It’s Planes, Trains and Automobiles! (one of Kevin’s favorite movies ever):
- Flights : 6
- Countries: The Netherlands, France, England, Ireland, Portugal
- Main Cities: Amsterdam, Paris, London, Dublin, Lisbon
- Hotels: 4
- Apartments: 5
- Trains: 2
- Rental cars: 1
If it all works perfectly, it’ll be a minor miracle!
Day one: Portland to Amsterdam
It’s about a 9-1/2 hour non-stop flight from Portland to Amsterdam, or as I like to call it because this is a family website, Amsterdarnit. The route that takes the plane over Greenland and Iceland, where it was largely trouble-free with only a few bumps here and there. After a couple of movies and some reading and a few failed attempts at shut-eye (we were, after all, traveling all afternoon and into the evening, arriving at around 11 PM our time, which 8 AM Amsterdam time, meaning we started the day here with virtually no sleep– I know, I know, poor little us), suddenly we were in Holland! The Netherlands! Make up your mind! Why do you have two names? Amsterdammit!
We were fortunate enough to have enough air miles built up over the years to make it a First Class flight. Which meant mimosas in the morning and a seat that could lay flat for sleeping, plus videos galore and nice meals capped off with a hot fudge sundae. Yeah, we could get used to that.
After one of the longest airplane taxis we’ve ever experienced, going through customs and immigration was a breeze. No lines, no bag checks… almost like landing anywhere in the US. The Amsterdam airport is very modern and beautiful, although navigating the transportation to figure out the best way to get to our hotel made us glad we weren’t in a hurry (especially since I always look for alternatives to cabs).
Pretty much everyone you encounter speaks English, except perhaps tourists from Mississippi. Several encounters have started out in Dutch (which we can tell because of all the “AA’s” and a surprising amount of rolling r’s), which I view as a good thing because that means we don’t necessarily look like big ol’ dumb ‘Muricans, but as soon as you say, “Speak English you stupid Dutch person, can’t you see we’re civilized?” they switch to English right before they punch you in the mouth. Seriously, they switch gears without a hitch and are easy to understand, although the typical American politeness of apologizing for bumping you when they’re passing by gives way to what is probably a more typical European approach of, “I’m not going to acknowledge that because it was nothing to apologize for, you stupid simpering American weenie who needs constant affirmations from complete strangers.”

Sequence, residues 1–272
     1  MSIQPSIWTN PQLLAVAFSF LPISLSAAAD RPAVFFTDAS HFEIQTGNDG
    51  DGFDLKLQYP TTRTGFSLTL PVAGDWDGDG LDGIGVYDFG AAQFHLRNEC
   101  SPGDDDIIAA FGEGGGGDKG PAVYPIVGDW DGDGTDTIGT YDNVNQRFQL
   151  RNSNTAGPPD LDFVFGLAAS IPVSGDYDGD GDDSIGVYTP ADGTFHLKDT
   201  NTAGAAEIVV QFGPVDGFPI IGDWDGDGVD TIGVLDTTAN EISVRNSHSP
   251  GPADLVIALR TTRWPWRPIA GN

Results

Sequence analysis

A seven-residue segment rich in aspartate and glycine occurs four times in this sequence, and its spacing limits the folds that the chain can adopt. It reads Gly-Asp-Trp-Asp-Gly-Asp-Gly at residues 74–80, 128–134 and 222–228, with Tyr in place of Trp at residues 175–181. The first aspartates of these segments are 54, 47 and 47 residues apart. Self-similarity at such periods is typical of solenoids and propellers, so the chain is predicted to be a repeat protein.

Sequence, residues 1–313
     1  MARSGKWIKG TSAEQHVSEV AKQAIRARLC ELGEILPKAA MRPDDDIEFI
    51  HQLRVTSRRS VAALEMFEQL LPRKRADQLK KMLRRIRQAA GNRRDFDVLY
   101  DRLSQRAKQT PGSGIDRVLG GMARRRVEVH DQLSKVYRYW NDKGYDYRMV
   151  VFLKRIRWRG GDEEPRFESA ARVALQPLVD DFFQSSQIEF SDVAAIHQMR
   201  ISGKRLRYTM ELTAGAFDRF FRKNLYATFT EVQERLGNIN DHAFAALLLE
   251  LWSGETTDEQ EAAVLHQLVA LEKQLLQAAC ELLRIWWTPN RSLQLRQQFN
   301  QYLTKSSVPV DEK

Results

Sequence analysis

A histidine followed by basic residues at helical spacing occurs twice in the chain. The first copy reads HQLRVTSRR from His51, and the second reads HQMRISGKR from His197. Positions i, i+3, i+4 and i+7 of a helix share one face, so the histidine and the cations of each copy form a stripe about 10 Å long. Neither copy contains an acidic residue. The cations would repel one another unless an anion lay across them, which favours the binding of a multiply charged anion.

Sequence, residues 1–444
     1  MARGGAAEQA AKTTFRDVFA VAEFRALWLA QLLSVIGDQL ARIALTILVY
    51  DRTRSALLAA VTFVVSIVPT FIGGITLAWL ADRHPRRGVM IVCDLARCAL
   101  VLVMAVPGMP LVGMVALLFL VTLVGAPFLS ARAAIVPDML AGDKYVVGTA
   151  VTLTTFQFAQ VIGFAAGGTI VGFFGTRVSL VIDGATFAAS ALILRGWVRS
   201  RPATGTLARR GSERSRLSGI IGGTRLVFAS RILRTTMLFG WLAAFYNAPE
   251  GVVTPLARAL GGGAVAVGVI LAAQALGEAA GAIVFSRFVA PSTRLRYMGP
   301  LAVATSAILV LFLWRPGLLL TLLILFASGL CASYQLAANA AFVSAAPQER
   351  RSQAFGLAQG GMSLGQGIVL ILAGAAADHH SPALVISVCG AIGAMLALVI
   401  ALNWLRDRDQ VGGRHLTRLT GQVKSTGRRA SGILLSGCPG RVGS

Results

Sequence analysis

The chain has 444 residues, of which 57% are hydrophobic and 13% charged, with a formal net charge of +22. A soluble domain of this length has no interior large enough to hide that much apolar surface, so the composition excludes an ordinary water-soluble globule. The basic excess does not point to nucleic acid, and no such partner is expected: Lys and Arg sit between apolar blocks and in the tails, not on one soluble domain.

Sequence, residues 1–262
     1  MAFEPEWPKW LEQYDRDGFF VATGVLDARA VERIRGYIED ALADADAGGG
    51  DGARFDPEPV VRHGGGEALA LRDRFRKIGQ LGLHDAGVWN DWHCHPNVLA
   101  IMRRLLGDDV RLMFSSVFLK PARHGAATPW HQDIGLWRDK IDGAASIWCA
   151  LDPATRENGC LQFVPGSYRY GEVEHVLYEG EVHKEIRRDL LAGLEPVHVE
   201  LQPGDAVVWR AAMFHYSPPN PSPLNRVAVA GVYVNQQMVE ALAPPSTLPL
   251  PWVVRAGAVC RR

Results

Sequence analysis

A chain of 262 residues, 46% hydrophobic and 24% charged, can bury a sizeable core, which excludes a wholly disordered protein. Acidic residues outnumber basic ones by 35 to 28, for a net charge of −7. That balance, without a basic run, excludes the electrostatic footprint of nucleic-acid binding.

First impressions: As soon as we checked into our hotel and unpacked a little, we went on a walkabout to get a lay of the land and orient ourselves to our location. It’s a pretty city with lots of water. Canals everywhere.
But perhaps the identifiable aspect of the city are the bikes. Bicycles everywhere. And most of them look like the old three speed you had when you were a kid. Nothing fancy here, just two wheels and a couple of pedals. Virtually every sidewalk has a lane intended for both bicycles and scooters.
It takes a little getting used to especially when you cross a street. Just when you think you made it without getting hit by a car, you have to remember you’re now in the bike lane, and those suckers come fast. They know they have the right of way wherever they go, so they just zoom around like they’re in a Mario race, daring you to be one of the power ups they run into, except that you’d both lose instead of inheriting a new power.
Tulips and pretty flowers are abundant, as you might expect. We hope to go see some tulip farms and if we’re lucky, maybe some threelip farms later on during the visit.
Carolyn likes doors. Expect more pictures of doors.
After walking about, seeing that we’re not very far from “Museum Central” featuring the Can Gogh Museum and Rijksmuseum, we found a little nondescript grocery store and bought some food for the room, which is one of our favorite ways to save money while traveling. We’re not sure if all downtown Amsterdam grocery stores are similar, but it felt more like a close-out discounter than a grocery store, with stuff piled pellmell in bins and not a lot of rhyme or reason to the layout (you have to admit, no one does in-store marketing like Americans). Still, some apples, salami, an aloe vera drink, some bread, chips, and cheese plus a very tasty prepackaged confection called “choco wafels” –which beats Li’l Debbie and Hostess all to hell in the yummy snack department– all for less than $10 US, pretty much feeds us for the night and maybe the morning. Yes, you can travel cheap in Europe if you’re not proud or picky.
During our walkabout we walked past a store window featuring a scantily-clad mannequin, oh wait, no that was no mannequin, that was a real live prostitute advertising herself in the window! (Does that mean I should have called it a womannequin?) Anyway, it wasn’t even the red light district, although it might’ve been on the border of it, we’re not sure. In the end, so what, who cares. We’re not in the market for a hooker so it was like passing a window display full of Dell Computers. Except maybe a little better looking and they probably don’t do Windows.
Anyway, so much of Amsterdam’s reputation at least in the US is: “hookers and pot.” We saw what might’ve been a pot shop and a couple of women in their underwear in the window, but otherwise, that’s not what this city is all about at all, any more than pot shops define or dominate Portland or Seattle.
So, after being up all night and wandering around the city getting our bearings, it’s back to the room for a nap. Hopefully we’ll be able to sleep through the night and wake up loaded for bear. We’re going to figure out our itinerary for the next three days and otherwise chill out and acclimate. Welcome to Holland, us!